Quantum phenomena: A phenomena is a quantum phenomena if, and only if, it obeys laws that can only be represented mathematically by functions that are algorithmically verifiable but not algorithmically computable.

6. The mathematical representation of quantum phenomena that is determinate but not predictable

By considering the properties of Gödel’s $\beta$ function (see $\S$4.1 on p.8 of this preprint)—which allows us to strongly represent any non-terminating sequence of natural numbers by an arithmetical function—it would follow that, since any projection of the future values of a quantum-phenomena-associated, algorithmically verifiable, function is consistent with an infinity of algorithmically computable functions, all of whose past values are identical to the algorithmically verifiable past values of the function, the phenomena itself would be essentially unpredicatable if it cannot be represented by an algorithmically computable function.

However, since the algorithmic verifiability of any quantum phenomena shows that it is mathematically determinate, it follows that the physical phenomena itself must observe determinate laws.

7. Such representation does not need to admit multiverses

Hence (contrary to any interpretation that admits unverifiable multiverses) only one algorithmically computable extension of the function is consistent with the law determining the behaviour of the phenomena, and each possible extension must therefore be associated with a probability that the next observation of the phenomena is described by that particular extension.

8. Is the probability of the future behaviour of quantum phenomena definable by an algorithmically computable function?

The question arises: Although we cannot represent quantum phenomena explicitly by an algorithmically computable function, does the phenomena lend itself to an algorithmically computable probability of its future behaviour in the above sense?

9. Can primes yield a heuristic model of quantum behaviour?

We now show that the distribution of prime numbers denoted by the arithmetical prime counting function $\pi(n)$ is a quantum phenomena in the above sense, with a well-defined probability function that is algorithmically computable.

10. Two prime probabilities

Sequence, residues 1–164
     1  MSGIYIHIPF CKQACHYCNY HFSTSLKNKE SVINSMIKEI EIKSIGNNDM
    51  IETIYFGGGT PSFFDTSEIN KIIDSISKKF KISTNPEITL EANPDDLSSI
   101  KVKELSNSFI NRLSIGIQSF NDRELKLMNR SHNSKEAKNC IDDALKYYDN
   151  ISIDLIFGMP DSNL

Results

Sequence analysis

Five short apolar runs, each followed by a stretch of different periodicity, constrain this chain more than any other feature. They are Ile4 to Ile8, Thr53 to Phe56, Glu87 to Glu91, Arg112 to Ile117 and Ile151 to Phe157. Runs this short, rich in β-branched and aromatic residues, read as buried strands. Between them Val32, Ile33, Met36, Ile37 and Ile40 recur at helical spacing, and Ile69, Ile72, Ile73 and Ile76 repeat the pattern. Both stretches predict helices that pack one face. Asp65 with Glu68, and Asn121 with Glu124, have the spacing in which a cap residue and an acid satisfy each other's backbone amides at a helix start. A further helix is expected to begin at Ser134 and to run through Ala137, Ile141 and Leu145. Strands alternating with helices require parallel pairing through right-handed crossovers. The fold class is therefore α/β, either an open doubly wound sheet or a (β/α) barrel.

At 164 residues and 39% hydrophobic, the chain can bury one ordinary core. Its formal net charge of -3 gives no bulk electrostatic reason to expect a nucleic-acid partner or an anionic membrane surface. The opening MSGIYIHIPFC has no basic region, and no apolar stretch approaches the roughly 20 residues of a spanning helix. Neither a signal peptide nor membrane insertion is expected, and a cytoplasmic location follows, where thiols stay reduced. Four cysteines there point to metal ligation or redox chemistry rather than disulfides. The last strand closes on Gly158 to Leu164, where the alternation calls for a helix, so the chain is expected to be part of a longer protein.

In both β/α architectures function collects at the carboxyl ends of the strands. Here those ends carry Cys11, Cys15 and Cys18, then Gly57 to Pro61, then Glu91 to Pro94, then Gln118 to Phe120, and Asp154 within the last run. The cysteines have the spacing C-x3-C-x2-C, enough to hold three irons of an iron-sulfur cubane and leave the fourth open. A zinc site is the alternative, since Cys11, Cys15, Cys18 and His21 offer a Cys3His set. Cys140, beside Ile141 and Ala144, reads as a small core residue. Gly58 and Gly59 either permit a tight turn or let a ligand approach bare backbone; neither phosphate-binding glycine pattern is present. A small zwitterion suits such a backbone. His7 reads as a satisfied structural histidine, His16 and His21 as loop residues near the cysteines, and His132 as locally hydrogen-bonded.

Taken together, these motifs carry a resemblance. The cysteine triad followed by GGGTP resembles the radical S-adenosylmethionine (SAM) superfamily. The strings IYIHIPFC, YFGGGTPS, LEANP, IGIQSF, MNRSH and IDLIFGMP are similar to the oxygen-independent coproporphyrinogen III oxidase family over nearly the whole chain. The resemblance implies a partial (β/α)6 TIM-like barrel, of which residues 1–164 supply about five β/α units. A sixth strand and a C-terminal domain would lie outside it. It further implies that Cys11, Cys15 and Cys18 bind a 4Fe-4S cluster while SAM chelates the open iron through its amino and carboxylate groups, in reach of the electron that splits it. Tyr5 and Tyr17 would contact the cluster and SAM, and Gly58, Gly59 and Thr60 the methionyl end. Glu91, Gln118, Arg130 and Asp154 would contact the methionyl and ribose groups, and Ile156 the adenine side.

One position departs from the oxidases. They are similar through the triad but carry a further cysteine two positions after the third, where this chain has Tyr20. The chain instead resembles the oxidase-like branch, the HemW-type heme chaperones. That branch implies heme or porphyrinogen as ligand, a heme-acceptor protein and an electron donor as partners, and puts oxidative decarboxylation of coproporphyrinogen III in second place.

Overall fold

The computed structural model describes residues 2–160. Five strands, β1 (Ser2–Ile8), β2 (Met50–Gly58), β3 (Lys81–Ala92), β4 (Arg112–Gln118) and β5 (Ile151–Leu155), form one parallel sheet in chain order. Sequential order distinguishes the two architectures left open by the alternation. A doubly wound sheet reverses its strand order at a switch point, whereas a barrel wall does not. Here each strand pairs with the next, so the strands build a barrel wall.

We consider the two probabilities:

(i) The probability $P(a)$ of selecting a number that has the property of being prime from a given set $S$ of numbers;

Example 1: I have a bag containing $100$ numbers in which there are twice as many composites as primes. What is the probability that the first number you blindly pick from it is a prime. This is the basis for setting odds in games such as roulette.

(ii) The probability $P(b)$ of determining a proper factor of a given number $n$.

Example 2: I give you a $5$-digit combination lock along with a $10$-digit number $n$. The lock only opens if you set the combination to a proper factor of $n$ which is greater than $1$. What is the probability that the first combination you try will open the lock. This is the basis for RSA encryption, which provides the cryptosystem used by many banks for securing their communications.

11. The probability of a randomly chosen number from the set of natural numbers is not definable

Clearly the probability $P(a)$ of selecting a number that has the property of being prime from a given set $S$ of numbers is definable if the precise proportion of primes to non-primes in $S$ is definable.

However if $S$ is the set $N$ of all integers, and we cannot define a precise ratio of primes to composites in $N$, but only an order of magnitude such as $O(\frac{1}{log_{_{e}}n})$, then equally obviously $P(a) = P(n\ is\ a\ prime)$ cannot be defined in $N$ (see Chapter 2, p.9, Theorem 2.1, here).

12. The prime divisors of a natural number are independent

Now, the following paper proves $P(b) = \frac{1}{\pi(\sqrt{n})}$, since it shows that whether or not a prime $p$ divides a given integer $n$ is independent of whether or not a prime $q \neq p$ divides $n$:

Why Integer Factorising cannot be polynomial time

We thus have that $\pi(n) \approx n.\prod_{_{i = 1}}^{^{\pi(\sqrt{n})}}(1-\frac{1}{p_{_{i}}})$, with a binomial standard deviation.

Hence, even though we cannot define the probability $P(n\ is\ a\ prime)$ of selecting a number from the set $N$ of all natural numbers that has the property of being prime, $\prod_{_{i = 1}}^{^{\pi(\sqrt{n})}}(1-\frac{1}{p_{_{i}}})$ can be treated as the putative non-heuristic probability that a given $n$ is a prime.

13. The distribution of primes is a quantum phenomena

The distribution of primes is thus determinate but unpredictable, since it is representable by the algorithmically verifiable but not algorithmically computable arithmetical number-theoretic function $Pr(n) = p_{_{n}}$, where $p_{_{n}}$ is the $n$‘th prime.

The Prime Number Generating Theorem and the Trim and Compact algorithms detailed in this 1964 investigation illustrate why the arithmetical number-theoretic function $Pr(n)$ is algorithmically verifiable but not algorithmically computable (see also this Wikipedia proof that no non-constant polynomial function $Pr(n)$ with integer coefficients exists that evaluates to a prime number for all integers $n$.).

Moreover, although the distribution of primes is a quantum phenomena with probabilty $\prod_{_{i = 1}}^{^{\pi(\sqrt{n})}}(1-\frac{1}{p_{_{i}}})$, it is easily seen (see Figs. 7-11 on pp.23-26 of this preprint) that the generation of the primes is algorithmically computable.

14. Why the universe may be algorithmically computable

By analogy, this suggests that although the measurable values of some individual properties of particles in the universe over time may represent a quantum phenomena, the universe itself may be algorithmically computable if the laws governing the generation of all the particles in the universe over time are algorithmically computable.

Author’s working archives & abstracts of investigations